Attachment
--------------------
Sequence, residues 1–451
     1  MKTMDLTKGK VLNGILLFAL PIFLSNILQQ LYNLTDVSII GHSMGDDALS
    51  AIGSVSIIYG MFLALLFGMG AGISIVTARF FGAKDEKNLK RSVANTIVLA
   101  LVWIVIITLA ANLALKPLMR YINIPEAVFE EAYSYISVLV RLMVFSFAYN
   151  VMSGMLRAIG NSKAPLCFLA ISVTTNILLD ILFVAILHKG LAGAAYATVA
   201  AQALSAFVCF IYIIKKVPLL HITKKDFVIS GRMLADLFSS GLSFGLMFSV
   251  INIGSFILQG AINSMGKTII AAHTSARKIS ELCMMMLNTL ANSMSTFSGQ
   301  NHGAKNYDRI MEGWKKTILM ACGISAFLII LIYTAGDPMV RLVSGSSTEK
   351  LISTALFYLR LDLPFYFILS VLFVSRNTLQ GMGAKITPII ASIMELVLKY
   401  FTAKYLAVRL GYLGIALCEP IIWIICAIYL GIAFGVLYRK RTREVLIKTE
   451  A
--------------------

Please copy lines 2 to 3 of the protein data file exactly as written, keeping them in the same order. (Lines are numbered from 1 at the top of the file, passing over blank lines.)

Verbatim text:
     1  MKTMDLTKGK VLNGILLFAL PIFLSNILQQ LYNLTDVSII GHSMGDDALS
    51  AIGSVSIIYG MFLALLFGMG AGISIVTARF FGAKDEKNLK RSVANTIVLA